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Photon echo is one of the basic tools for studying the coherent nonlinear
interaction of light pulses with inhomogeneously broadened resonant atomic
media. We generalize the McCall-Hahn area theorem to the formation of photon
echo in the optically dense media and we find the analytic solutions for the
pulse areas of the photon echo signals arising after the two-pulse excitation.
The solutions allowed us for the first time to reveal the picture and mechanism

Leakage errors take qubits out of the computational subspace and will
accumulate if not addressed. A leaked qubit will reduce the effectiveness of
quantum error correction protocols due to the cost of implementing leakage
reduction circuits and the harm caused by interacting leaked states with qubit
states. Ion trap qubits driven by Raman gates have a natural choice between
qubits encoded in magnetically insensitive hyperfine states that can leak and
qubits encoded in magnetically sensitive Zeeman states of the electron spin

We study the identification capacity of classical-quantum channels
("cq-channels"), under channel uncertainty and privacy constraints. To be
precise, we consider first compound memoryless cq-channels and determine their
identification capacity; then we add an eavesdropper, considering compound
memoryless wiretap cqq-channels, and determine their secret identification
capacity. In the first case (without privacy), we find the identification
capacity always equal to the transmission capacity. In the second case, we find

Hybrid quantum systems have the potential of mitigating current challenges in
developing a scalable quantum computer. Of particular interest is the
hybridization between atomic and superconducting qubits. We demonstrate a novel
experimental setup for transferring and trapping ultracold atoms inside a
millikelvin cryogenic environment, where interactions between atomic and
superconducting qubits can be established, paving the way for hybrid quantum
systems. $^{87}\text{Rb}$ atoms are prepared in a conventional magneto-optical

We perform quantum logic spectroscopy with a $^{27}$Al$^{+}$/$^{40}$Ca$^{+}$
mixed ion crystal in a linear Paul trap for a measurement of the
$(3s^{2})\,^{1}\mathrm{S}_{0} \leftrightarrow \, (3s3p)\,^{3}\mathrm{P}_{1},
F=7/2$ intercombination transition in $^{27}$Al$^{+}$. Towards this end, Ramsey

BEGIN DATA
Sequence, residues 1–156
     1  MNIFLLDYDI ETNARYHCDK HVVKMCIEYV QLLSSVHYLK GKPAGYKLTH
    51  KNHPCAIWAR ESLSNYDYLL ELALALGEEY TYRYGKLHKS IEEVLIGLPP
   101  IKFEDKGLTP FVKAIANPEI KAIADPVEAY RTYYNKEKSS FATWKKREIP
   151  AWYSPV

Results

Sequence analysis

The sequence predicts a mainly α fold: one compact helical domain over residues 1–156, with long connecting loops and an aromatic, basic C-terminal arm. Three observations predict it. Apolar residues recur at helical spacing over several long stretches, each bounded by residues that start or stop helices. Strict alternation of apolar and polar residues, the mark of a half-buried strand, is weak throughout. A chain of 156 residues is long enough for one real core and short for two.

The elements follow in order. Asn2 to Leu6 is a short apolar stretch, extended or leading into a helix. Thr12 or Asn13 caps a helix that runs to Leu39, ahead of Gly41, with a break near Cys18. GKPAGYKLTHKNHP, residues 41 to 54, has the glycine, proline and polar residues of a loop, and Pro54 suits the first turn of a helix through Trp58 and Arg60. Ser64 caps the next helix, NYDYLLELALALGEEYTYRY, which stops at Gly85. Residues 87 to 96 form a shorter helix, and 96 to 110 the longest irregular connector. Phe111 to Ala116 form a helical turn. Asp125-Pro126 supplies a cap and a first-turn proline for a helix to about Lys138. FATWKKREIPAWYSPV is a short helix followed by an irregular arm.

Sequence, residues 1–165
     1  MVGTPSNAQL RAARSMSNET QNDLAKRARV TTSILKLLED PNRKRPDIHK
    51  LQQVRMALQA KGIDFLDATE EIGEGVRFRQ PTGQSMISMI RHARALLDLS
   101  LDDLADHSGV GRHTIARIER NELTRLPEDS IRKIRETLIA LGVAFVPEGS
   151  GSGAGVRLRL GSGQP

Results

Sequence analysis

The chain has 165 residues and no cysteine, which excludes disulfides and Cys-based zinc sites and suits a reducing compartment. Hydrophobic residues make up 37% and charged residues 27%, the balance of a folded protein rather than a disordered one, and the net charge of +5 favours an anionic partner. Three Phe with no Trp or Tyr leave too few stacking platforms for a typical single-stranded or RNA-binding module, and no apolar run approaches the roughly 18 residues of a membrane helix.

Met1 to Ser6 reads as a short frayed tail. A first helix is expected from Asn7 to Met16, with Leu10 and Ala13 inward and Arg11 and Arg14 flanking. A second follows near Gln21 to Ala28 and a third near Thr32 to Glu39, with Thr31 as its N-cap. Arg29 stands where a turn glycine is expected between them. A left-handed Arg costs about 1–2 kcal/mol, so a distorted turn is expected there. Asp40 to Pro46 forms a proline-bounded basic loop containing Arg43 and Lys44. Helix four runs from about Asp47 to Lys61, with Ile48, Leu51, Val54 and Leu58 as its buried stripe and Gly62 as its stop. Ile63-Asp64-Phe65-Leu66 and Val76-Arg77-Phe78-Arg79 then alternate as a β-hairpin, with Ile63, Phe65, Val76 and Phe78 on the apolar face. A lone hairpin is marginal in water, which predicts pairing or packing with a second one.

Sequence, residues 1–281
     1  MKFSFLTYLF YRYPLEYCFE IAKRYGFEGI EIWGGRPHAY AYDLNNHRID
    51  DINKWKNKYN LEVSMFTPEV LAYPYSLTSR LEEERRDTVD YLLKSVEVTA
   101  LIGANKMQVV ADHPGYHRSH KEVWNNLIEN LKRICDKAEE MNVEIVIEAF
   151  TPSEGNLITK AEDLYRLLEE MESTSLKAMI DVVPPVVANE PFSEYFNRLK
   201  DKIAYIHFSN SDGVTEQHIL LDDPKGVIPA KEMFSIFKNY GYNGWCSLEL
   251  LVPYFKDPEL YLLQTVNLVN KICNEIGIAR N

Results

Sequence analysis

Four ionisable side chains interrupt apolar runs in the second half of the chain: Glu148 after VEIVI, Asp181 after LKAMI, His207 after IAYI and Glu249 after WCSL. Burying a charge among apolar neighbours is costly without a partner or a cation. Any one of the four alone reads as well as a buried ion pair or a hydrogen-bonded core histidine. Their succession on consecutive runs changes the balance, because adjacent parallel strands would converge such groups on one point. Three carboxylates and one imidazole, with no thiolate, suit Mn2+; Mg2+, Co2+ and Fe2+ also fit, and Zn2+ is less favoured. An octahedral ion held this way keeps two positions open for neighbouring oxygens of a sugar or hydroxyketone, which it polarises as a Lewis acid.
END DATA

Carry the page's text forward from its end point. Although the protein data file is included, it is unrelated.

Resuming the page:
spectroscopy is used for probing the transition in $^{27}$Al$^{+}$ and the
$(4s^{2})\,\mathrm{S}_{1/2} \leftrightarrow \, (4s3d)\,\mathrm{D}_{5/2}$ clock
transition in $^{40}$Ca$^{+}$ in interleaved measurements. By using the

The use of spatial quantum superpositions of electron states in a gated vdW
heterostructure as a charge qubit is presented. We theoretically demonstrate
the concept for the ZrSe$_2$/SnSe$_2$ vdW heterostructure using rigorous ab
initio calculations. In the proposed scheme, the quantum state is prepared by
applying a vertical electric field, is manipulated by short field pulses, and
is measured via electric currents. The qubit is robust, operational at high

It is common, when dealing with quantum processes involving a subsystem of a
much larger composite closed system, to treat them as effectively memory-less
(Markovian). While open systems theory tells us that non-Markovian processes
should be the norm, the ubiquity of Markovian processes is undeniable. Here,
without resorting to the Born-Markov assumption of weak coupling or making any
approximations, we formally prove that processes are close to Markovian ones,

It has become increasingly common for high-school students to see media
reports on the importance of quantum mechanics in the development of
next-generation industries such as drug development and secure communication,
but few of them have been exposed to fundamental quantum mechanical concepts in
a meaningful classroom activity. In order to bridge this gap, we design and
test a low-cost 20-minute demonstration of the Bell test, which is used in
several entanglement-based quantum key distribution protocols. The

Machine learning can help us in solving problems in the context big data
analysis and classification, as well as in playing complex games such as Go.
But can it also be used to find novel protocols and algorithms for applications
such as large-scale quantum communication? Here we show that machine learning
can be used to identify central quantum protocols, including teleportation,
entanglement purification and the quantum repeater. These schemes are of
importance in long-distance quantum communication, and their discovery has

We propose a classical-quantum hybrid algorithm for machine learning on
near-term quantum processors, which we call quantum circuit learning. A quantum
circuit driven by our framework learns a given task by tuning parameters
implemented on it. The iterative optimization of the parameters allows us to
circumvent the high-depth circuit. Theoretical investigation shows that a
quantum circuit can approximate nonlinear functions, which is further confirmed
by numerical simulations. Hybridizing a low-depth quantum circuit and a